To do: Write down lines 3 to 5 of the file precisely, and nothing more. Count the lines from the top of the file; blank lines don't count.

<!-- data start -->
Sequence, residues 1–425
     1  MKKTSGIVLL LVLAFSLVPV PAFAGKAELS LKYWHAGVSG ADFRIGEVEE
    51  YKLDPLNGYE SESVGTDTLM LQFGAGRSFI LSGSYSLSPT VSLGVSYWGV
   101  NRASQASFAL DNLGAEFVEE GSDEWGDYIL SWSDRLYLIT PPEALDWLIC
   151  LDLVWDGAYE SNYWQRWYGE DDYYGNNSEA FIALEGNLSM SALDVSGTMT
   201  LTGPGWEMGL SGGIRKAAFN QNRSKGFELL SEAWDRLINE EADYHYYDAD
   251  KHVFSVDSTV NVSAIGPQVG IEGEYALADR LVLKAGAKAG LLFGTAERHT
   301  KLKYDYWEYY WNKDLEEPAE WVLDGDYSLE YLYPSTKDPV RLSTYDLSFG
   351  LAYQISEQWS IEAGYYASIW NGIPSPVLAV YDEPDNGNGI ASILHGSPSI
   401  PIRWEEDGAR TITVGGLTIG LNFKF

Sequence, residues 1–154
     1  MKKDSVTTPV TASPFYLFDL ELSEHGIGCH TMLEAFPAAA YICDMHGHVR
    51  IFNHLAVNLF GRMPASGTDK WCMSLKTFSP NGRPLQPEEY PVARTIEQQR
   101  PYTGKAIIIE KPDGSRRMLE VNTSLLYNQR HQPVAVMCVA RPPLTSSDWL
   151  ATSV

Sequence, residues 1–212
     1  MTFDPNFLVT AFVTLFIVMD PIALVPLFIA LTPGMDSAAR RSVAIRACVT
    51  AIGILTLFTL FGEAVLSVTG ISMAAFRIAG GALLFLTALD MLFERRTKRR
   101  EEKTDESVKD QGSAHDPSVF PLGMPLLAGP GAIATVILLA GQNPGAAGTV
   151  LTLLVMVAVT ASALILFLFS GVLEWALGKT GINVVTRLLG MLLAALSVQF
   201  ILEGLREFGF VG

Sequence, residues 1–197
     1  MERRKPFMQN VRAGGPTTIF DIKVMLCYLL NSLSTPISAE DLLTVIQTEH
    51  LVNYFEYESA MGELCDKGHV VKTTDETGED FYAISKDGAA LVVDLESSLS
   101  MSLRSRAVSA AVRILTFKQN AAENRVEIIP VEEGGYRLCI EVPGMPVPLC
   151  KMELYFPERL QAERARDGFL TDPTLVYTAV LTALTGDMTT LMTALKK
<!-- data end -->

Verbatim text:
    51  YKLDPLNGYE SESVGTDTLM LQFGAGRSFI LSGSYSLSPT VSLGVSYWGV
   101  NRASQASFAL DNLGAEFVEE GSDEWGDYIL SWSDRLYLIT PPEALDWLIC
   151  LDLVWDGAYE SNYWQRWYGE DDYYGNNSEA FIALEGNLSM SALDVSGTMT